12
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In golf, the standard scratch of a course is calculated using this formula:

(3*num_of_3_par_holes + 4*num_of_4_par_holes + 5*num_of_5_par_holes) - difficulty_rating

Your task is to calculate the standard scratch of a golf course, given these 4 inputs.

You should take input in any standard form in the format

[num_of_3_pars, num_of_4_pars, num_of_5_pars], difficulty rating

but if it saves bytes, you many take input in a different way.

You should output the final result by any accepted method on meta, such as returning from a function.

Shortest code wins because this is !

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  • \$\begingroup\$ Will all inputs be integers and at least 1? (Also, will the output always be positive?) \$\endgroup\$ – Doorknob Jul 5 '17 at 15:20
  • \$\begingroup\$ Can we take inputs reversed? \$\endgroup\$ – totallyhuman Jul 5 '17 at 15:20
  • 13
    \$\begingroup\$ As trivial as this is, a few test cases would be nice. \$\endgroup\$ – Dennis Jul 5 '17 at 16:20
  • 9
    \$\begingroup\$ Interesting, a code golf about golf. \$\endgroup\$ – sergiol Jul 6 '17 at 0:07

42 Answers 42

28
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Scratch, 145 bytes

-2 thanks to boboquack
-??? because writing it in Oto is shorter than English

(Because Scratch is the standard scratch.)

adi()- temi (a)kuati(thadi adi()- temi (b)kuati(thadi adi()- temi (c)kuati(thadi adi()- temi (d)kuati(thadi ma(((c)-((a)+(d)))+((4)*(((a)(b))+(c translation: ask()and wait set(a)to (answer ask()and wait set(b)to (answer ask()and wait set(c)to (answer ask()and wait set(d)to (answer say(((c)-((a)+(d)))+((4)*(((a)+(b))+(c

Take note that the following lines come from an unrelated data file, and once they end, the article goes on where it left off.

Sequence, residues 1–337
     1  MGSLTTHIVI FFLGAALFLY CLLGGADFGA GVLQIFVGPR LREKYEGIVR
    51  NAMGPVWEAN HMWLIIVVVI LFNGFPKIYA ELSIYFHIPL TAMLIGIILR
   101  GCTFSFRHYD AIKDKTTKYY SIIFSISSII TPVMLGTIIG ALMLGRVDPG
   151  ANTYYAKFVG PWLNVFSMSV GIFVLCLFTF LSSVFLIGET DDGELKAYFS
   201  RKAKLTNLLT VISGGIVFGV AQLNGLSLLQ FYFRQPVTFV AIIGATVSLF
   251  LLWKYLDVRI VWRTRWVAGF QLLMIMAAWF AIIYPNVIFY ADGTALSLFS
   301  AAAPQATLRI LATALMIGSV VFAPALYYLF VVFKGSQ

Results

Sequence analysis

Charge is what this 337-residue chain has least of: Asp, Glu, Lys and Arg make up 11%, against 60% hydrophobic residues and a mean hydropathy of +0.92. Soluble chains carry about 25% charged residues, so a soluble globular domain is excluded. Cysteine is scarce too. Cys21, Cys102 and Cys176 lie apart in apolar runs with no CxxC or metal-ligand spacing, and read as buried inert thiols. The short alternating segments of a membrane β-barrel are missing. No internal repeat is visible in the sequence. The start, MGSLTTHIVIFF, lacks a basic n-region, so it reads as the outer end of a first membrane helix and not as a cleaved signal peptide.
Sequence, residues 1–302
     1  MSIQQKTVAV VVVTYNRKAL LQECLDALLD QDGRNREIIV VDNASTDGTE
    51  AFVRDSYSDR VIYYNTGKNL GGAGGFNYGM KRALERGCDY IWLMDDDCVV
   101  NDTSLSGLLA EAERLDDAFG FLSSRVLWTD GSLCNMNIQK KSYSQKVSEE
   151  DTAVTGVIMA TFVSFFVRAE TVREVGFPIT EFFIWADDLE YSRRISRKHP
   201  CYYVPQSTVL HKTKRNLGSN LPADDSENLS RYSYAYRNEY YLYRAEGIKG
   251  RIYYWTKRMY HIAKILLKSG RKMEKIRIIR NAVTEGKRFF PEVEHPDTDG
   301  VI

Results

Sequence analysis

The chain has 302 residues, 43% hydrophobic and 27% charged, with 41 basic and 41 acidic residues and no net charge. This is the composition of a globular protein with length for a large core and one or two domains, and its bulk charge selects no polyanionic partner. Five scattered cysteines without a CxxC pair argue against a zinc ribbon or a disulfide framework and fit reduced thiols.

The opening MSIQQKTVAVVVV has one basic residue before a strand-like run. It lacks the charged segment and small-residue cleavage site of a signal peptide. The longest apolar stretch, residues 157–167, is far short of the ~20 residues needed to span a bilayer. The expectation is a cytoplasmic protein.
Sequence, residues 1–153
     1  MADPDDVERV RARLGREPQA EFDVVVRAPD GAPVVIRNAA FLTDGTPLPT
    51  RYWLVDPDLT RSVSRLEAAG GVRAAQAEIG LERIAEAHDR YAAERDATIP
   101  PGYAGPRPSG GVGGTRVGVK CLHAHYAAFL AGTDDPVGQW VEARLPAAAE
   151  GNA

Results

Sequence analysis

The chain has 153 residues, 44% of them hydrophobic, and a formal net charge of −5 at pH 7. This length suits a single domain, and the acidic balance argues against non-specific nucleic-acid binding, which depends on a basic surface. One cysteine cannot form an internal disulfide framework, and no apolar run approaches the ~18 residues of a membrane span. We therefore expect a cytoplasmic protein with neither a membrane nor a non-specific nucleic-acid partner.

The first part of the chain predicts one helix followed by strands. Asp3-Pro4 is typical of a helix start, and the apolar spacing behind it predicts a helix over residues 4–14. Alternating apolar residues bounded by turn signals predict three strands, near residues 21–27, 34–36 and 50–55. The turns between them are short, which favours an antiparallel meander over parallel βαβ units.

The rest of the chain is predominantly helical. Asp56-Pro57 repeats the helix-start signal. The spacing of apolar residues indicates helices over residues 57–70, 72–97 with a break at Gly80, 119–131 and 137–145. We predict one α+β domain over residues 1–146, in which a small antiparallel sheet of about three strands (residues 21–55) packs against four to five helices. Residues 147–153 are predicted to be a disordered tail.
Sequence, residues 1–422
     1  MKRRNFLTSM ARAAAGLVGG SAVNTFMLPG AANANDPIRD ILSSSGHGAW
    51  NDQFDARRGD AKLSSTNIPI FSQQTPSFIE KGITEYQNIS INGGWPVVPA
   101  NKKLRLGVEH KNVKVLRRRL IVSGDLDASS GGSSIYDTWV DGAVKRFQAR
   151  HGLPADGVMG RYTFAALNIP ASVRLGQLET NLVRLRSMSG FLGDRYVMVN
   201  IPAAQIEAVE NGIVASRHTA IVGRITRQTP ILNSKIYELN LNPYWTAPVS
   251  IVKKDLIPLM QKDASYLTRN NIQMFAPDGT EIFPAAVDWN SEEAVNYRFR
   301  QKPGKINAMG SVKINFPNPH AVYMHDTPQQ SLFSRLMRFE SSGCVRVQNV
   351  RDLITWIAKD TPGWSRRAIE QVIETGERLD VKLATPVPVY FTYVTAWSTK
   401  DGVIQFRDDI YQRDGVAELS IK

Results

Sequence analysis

Here's a sample run:

a=18,b=13,c=41,d=23;answer=124.

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18
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Jelly, 6 bytes

JḊ~æ.N

Try it online!

How it works

JḊ~æ.N  Main link. Argument: [a, b, c, d]

J       Indices; yield [1, 2, 3, 4].
 Ḋ      Dequeue; yield [2, 3, 4].
  ~     Bitwise NOT; yield [-3, -4, -5].
     N  Negate; yield [-a, -b, -c, -d].
   æ.   Dot product; yield
        (-3)(-a) + (-4)(-b) + (-5)(-c) + (-d) = 3a + 4b + 5c - d.
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10
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Java (OpenJDK 8), 24 bytes

(a,b,c,d)->a*3+b*4+c*5-d

Try it online!

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  • 7
    \$\begingroup\$ Yeah, shorter than Python \o/ \$\endgroup\$ – Olivier Grégoire Jul 5 '17 at 15:09
6
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Haskell, 22 bytes

(a#b)c d=3*a+4*b+5*c-d

Try it online! Usage: (3#2)5 7 yields 35.

This not so nice input format is one byte shorter than the straight forward solution:

f a b c d=3*a+4*b+5*c-d

Point-free and nice input format: (23 bytes)

(-).sum.zipWith(*)[3..]

Try it online! Bind to f and call with f [3,2,5] 7.